Like our electricity network, I think we've spent excessively on gold playing rather than new lines or the stuff that matters. Melbourne runs well on a basic system.
Have track foot crossings 'at grade' rather than using overpasses and tunnels
Waive the "no level crossing" rule for any new suburban line
Use unfenced corridors for new suburban lines
Use a video screen system to reduce use of guards or "flag savers".
In high demand spots, make station carpark users use their ticket to exit or pay parking fees - with opal a new arrangement will have to be found later however
One fare/ticket to cover all modes rather than paying extra to change service
Remove some seats from some rail cars.
I agree there is a form of "gold-plating" in some areas of the railway, but perhaps not the ones you are thinking of.
Importantly, perceptions of gold-plating are subject to political vicissitudes, economic conditions, comparisons, personal and corporate agendas, technological trends, ulterior motives and so on. We often hear of gold-plating when it is time to renew infrastructure and there are plans to somehow downgrade. What one man considers gold-plating might be seen by another as essential. Many risks protected against with what some might see as "gold-plated engineering controls" were originally unmanaged; sometimes those controls are reviewed and removed - they have a way of gradually being melted down by market forces and shifts in politics, for better or worse - I'd say usually for the worse. Watch that space.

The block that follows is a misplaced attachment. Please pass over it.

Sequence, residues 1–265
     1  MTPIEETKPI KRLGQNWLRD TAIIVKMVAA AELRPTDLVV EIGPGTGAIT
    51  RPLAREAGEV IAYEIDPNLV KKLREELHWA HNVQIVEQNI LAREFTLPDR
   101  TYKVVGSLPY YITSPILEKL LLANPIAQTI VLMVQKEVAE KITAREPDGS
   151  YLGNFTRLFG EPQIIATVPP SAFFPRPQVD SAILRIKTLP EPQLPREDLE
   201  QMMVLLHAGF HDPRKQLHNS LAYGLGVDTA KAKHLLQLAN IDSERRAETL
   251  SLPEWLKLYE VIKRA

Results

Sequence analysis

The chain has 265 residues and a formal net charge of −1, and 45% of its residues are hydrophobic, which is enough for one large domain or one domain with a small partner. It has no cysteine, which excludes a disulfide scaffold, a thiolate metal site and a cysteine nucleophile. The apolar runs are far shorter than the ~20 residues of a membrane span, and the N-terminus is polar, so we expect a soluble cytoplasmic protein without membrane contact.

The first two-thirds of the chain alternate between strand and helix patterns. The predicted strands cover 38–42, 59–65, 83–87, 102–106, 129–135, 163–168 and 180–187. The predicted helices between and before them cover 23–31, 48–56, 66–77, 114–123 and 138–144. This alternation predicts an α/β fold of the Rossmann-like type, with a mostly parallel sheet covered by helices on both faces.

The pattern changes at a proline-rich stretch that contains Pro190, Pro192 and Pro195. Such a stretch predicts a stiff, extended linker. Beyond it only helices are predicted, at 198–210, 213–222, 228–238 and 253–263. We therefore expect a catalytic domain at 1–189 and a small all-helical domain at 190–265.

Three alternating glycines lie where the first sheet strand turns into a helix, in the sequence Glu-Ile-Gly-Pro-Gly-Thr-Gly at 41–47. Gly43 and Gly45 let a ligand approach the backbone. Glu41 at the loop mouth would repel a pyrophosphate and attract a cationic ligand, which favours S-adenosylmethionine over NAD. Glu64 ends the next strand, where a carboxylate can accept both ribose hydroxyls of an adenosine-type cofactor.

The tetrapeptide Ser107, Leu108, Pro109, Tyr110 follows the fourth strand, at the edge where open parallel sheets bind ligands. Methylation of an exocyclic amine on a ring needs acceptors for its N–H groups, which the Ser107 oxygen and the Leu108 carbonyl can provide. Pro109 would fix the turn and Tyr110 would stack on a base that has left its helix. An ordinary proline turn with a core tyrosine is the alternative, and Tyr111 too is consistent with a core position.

Also, I feel that some of the things you have listed are not necessarily gold-plating or excessive redundancy, but justified for safety reasons while in some cases also appearing as remnants of the past. Remnants of the past that could be subject to removal in the future include Guards, station staff giving rightaway handsignals, etc., but whether they are really redundant is not always something that can be determined absolutely. Sure, the technology exists to do away with them, Drivers, Signallers and so on, but that does not mean it is a great idea to implement it, politically acceptable, affordable, etc. Perceptions and the goal posts of safety are subject to move in either direction, so watch that space, too. That's politics.
There is a lot of gold-plating in NSW railways in terms of personnel, namely the extensive bureaucratic empires comprised largely of people with impressive job titles, position descriptions and gold-plated salaries, but who do little to actually move trains, let alone move them better. Apparently some of this has been trimmed of late, but a lot has definitely survived, been moved, renamed, split up etc. the net result being it's still there. As we move towards more private sector involvement, don't assume that will solve the bureaucratic issues, either. Private companies on the take from the State do not always have the incentive to do right by its citizens, and can become inefficient, if not corrupt rent-seekers that are even worse than State-owned entities. Think it will be set up so that can't happen? Believe it when you see it. Oh, and the State regulatory, planning, infrastructure owning and operational bureaucracies would probably still be there, hidden away from the public eye.
Transverse seating is the way it has always been done (except in the ends of suburban cars etc.), but a longitudinal seating trial of sorts is underway.
Sydney once had far more level crossings than it does now, including in what are now some very busy locations like Croydon and Burwood (removed from both locations in 1892). If road traffic decreased due to some sort of major change in society (e.g. economic collapse) or somehow a culture of individual responsibility and respect for State property was reborn, standards of living and the value of human life fell, etc., maybe level crossings or open corridors wouldn't be seen as such a liability, at least outside busy multiple line areas. Of course, open corridors and level crossings could be a good reason to keep front line staff rather than indulge in sexy technology, as could an economic slowdown.